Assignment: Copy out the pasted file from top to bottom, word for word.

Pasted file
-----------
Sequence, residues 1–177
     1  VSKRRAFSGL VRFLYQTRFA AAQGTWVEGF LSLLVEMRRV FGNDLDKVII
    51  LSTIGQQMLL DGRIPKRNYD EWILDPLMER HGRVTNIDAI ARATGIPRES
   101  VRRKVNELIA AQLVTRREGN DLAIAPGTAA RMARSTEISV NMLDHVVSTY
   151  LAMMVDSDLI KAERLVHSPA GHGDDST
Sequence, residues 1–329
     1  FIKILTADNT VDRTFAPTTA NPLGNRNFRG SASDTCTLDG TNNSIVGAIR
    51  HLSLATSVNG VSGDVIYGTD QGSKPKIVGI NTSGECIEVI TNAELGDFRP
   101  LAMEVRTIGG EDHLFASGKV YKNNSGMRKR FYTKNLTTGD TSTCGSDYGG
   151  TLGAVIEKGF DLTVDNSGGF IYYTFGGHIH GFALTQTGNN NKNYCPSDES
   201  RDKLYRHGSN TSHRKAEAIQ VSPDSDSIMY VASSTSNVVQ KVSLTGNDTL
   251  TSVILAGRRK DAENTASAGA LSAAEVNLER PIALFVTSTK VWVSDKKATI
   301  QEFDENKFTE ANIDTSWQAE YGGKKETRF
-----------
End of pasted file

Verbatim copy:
Sequence, residues 1–177
     1  VSKRRAFSGL VRFLYQTRFA AAQGTWVEGF LSLLVEMRRV FGNDLDKVII
    51  LSTIGQQMLL DGRIPKRNYD EWILDPLMER HGRVTNIDAI ARATGIPRES
   101  VRRKVNELIA AQLVTRREGN DLAIAPGTAA RMARSTEISV NMLDHVVSTY
   151  LAMMVDSDLI KAERLVHSPA GHGDDST
Sequence, residues 1–329
     1  FIKILTADNT VDRTFAPTTA NPLGNRNFRG SASDTCTLDG TNNSIVGAIR
    51  HLSLATSVNG VSGDVIYGTD QGSKPKIVGI NTSGECIEVI TNAELGDFRP
   101  LAMEVRTIGG EDHLFASGKV YKNNSGMRKR FYTKNLTTGD TSTCGSDYGG
   151  TLGAVIEKGF DLTVDNSGGF IYYTFGGHIH GFALTQTGNN NKNYCPSDES
   201  RDKLYRHGSN TSHRKAEAIQ VSPDSDSIMY VASSTSNVVQ KVSLTGNDTL
   251  TSVILAGRRK DAENTASAGA LSAAEVNLER PIALFVTSTK VWVSDKKATI
   301  QEFDENKFTE ANIDTSWQAE YGGKKETRF